Backroom Briefing: Pam Bondi vs. Anderson Cooper

Weekly political notes from The News Service of Florida


Making the rounds to friendly media outlets, Attorney General Pam Bondi spent two days this week decrying an interview by CNN’s Anderson Cooper that she said will only make it harder for her office to help victims of the mass shooting at a gay nightclub in Orlando.

Cooper on Tuesday asked Bondi during a live interview if it was “hypocritical” of her to suggest she was an ally or champion of the LGBT community based on her vigorous defense of the state’s constitutional ban on gay marriage.

Bondi responded that she had been simply defending a voter-approved ban in the state Constitution. A federal judge ultimately struck down the ban and allowed gay marriages to start last year in Florida.

The nearly 6 1/2-minute interview Tuesday started with a brief discussion of efforts by Bondi’s office to protect shooting victims’ families from getting overcharged by funeral homes and to help prevent scams that involve people donating money to fake websites taking advantage of the tragedy. Bondi repeatedly tried to bring up the topics throughout the chat with Cooper.

Bondi later said she thought the interview would only be about such efforts after the shooting early Sunday at the Pulse nightclub that killed 49 people and wounded dozens more.

But after CNN posted a clip online that included most of the interview, starting with Cooper’s question about being hypocritical, the video went viral, with headlines saying Bondi was “grilled,” “hammered,” and “called out.” The full interview appeared later that day on CNN’s website.

Defenders of Bondi labeled the interview a “political attack” and a “hit job,” saying she was “sandbagged,” ambushed” and “blindsided.”

The next day Bondi, appearing on WOR radio in New York, said Cooper’s line of questioning has only created “more anger and havoc and hatred.” And much of that has been directed at her, Bondi said.

“All it did was encourage anger and hate, and families that were trying to help to probably not trust my office and the 14 advocates we’ve brought in who are helping them get compensation to bury their loved ones,” Bondi said on WOR. “And of course I’ve been getting horrible hatred emails and text mail based on Anderson’s story. So that was just sad. He had a real opportunity to bring our country together yesterday and talk about what’s right and what’s good. Instead of a story filled with anger.”

On Thursday, Bondi went on FOX News’ “Fox & Friends” claiming that Cooper “just flipped on me.”

Cooper offered a rebuttal Wednesday night saying that while Bondi “seems like a nice person,” it’s “my job to hold people accountable.” And Cooper said Bondi’s descriptions of the interview are “factually incorrect” or “mistaken,” pointing to pre-interview notes that outlined what her office considered on and off topics.

Specifics on the FBI investigation into the shooting and questions about gun control were considered off topic, Cooper said.

“If on a Sunday a politician is talking about love and embracing ‘our LGBT community,’ I don’t think it is unfair to look at their record and see if they have actually ever spoken that way publicly before, which I’ve never heard her say,” said Cooper, who is gay.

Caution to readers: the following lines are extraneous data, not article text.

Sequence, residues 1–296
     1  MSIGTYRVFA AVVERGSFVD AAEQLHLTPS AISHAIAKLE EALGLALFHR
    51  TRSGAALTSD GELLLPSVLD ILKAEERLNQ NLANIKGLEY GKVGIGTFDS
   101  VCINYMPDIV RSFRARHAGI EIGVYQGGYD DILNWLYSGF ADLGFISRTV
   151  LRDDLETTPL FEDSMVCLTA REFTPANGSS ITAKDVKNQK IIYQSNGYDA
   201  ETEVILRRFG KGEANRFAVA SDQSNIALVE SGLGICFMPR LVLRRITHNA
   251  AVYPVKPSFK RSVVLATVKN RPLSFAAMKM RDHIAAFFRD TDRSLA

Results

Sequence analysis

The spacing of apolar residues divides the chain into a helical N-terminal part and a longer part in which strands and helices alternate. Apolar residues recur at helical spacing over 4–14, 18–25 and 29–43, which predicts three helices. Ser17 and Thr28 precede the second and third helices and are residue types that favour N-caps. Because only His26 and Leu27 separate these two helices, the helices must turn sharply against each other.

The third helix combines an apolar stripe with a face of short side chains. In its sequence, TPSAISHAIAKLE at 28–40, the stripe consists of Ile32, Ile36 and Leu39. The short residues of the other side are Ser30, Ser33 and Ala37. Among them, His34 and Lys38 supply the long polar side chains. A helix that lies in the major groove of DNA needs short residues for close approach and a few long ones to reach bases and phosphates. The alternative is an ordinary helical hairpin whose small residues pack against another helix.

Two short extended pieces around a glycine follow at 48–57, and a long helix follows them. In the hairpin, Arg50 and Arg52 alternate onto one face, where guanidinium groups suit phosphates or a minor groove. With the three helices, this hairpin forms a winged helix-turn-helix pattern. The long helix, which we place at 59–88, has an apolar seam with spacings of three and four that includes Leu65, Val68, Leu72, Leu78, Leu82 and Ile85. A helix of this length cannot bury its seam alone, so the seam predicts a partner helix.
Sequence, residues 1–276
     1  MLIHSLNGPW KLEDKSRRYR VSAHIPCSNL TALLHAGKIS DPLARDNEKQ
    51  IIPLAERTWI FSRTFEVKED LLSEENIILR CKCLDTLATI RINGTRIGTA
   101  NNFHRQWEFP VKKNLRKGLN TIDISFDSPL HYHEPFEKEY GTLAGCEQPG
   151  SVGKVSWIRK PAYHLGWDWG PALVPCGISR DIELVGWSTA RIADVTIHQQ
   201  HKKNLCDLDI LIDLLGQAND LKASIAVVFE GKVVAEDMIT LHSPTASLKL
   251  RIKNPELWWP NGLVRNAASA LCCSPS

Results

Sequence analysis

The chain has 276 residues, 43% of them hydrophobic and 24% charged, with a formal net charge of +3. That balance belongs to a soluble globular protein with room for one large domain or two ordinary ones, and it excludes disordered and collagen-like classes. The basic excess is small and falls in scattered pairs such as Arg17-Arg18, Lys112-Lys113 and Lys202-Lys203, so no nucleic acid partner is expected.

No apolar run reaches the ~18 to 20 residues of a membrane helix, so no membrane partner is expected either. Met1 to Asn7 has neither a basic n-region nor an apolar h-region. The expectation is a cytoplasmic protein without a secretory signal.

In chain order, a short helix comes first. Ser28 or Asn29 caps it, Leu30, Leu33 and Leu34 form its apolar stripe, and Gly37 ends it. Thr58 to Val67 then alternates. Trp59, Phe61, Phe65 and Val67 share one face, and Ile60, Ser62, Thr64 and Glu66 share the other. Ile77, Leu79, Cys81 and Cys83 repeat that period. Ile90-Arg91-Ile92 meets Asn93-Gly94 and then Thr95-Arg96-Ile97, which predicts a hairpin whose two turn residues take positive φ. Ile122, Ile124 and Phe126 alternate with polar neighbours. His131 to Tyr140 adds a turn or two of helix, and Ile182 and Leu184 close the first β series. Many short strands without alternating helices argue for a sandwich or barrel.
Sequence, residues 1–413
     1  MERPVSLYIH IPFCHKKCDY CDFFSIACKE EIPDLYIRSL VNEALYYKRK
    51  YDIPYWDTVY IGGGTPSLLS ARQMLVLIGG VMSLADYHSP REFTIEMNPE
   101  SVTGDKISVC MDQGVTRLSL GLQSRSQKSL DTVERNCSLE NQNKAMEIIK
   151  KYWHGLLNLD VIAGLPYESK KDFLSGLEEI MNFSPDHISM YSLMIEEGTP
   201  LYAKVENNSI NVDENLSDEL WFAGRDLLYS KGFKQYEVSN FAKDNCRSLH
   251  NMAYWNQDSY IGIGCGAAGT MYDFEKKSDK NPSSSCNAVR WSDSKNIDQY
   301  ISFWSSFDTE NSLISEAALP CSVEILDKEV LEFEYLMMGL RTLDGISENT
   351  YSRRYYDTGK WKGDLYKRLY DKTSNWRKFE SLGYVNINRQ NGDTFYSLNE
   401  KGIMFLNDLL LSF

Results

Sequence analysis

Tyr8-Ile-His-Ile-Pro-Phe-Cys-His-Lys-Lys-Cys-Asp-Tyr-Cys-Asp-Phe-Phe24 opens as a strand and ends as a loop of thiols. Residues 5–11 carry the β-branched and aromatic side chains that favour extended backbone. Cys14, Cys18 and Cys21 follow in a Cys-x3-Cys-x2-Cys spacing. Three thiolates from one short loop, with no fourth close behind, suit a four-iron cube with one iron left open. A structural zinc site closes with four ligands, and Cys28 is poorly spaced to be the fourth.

Cooper, saying he was respectful throughout the interview process, then recounted that Bondi signed off on a federal court brief in 2014 that claimed allowing gay marriage would cause “public harm” in Florida.


While Lt. Gov. Carlos Lopez-Cantera said he’s willing to step aside so his buddy U.S. Sen. Marco Rubio can run for re-election, Kyle Kondik, managing editor of the national political prognostication site Sabato’s Crystal Ball, said Thursday that such a move wouldn’t change the contest from its current “toss up” status — at least for now.

But in looking at the crowded U.S. Senate field, Kondik said that while Rubio’s star has been “dimmed” by his presidential aspirations, he may be the best bet in 2016 for the Republicans.

“Had Rubio not run for president and simply run for another Senate term, we suspect he would have been the favorite in the fall,” Kondik wrote. “He may still ultimately be a favorite if he re-enters the fray now, but because of his failed presidential run and the dominoes his campaign demolished, the picture is hazier. Nonetheless, Republicans are right to hope for a Rubio run.”

The Republican primary field will see some shedding if Rubio enters the contest, and the anti-Rubio vote could be splintered by a pair of wealthy businessmen.

But Kondik added that Rubio will also have to mend fences. Rubio has lost some tea party support for backing failed immigration reform legislation, and he upset Bush family loyalists by entering the Republican presidential primary against former Gov. Jeb Bush. Then there is the anti-Rubio vote that came out when he was beaten in Florida by presumptive Republican presidential nominee Donald Trump.

“Additionally, Rubio could face criticism over what may look to some like opportunism — effectively using the Orlando shootings as an excuse to re-enter politics,” Kondik wrote. “That may or may not be fair, but Rubio would have to deal with that perception nonetheless.”


By focusing on the aftermath of the Orlando shooting, Gov. Rick Scott postponed a trip this week to attract businesses from Louisiana.

Scott’s spokeswoman Jackie Schutz said it is unknown if the trip will be rescheduled.

The mission was expected to feature private meetings involving Scott, members of the public-private Enterprise Florida and business owners in Baton Rouge and New Orleans.

TWEET OF THE WEEK: “In this city’s darkest hour, our residents have shown that they are that light #OrlandoUnited” — Orlando Mayor Buddy Dyer @orlandomayor on Thursday.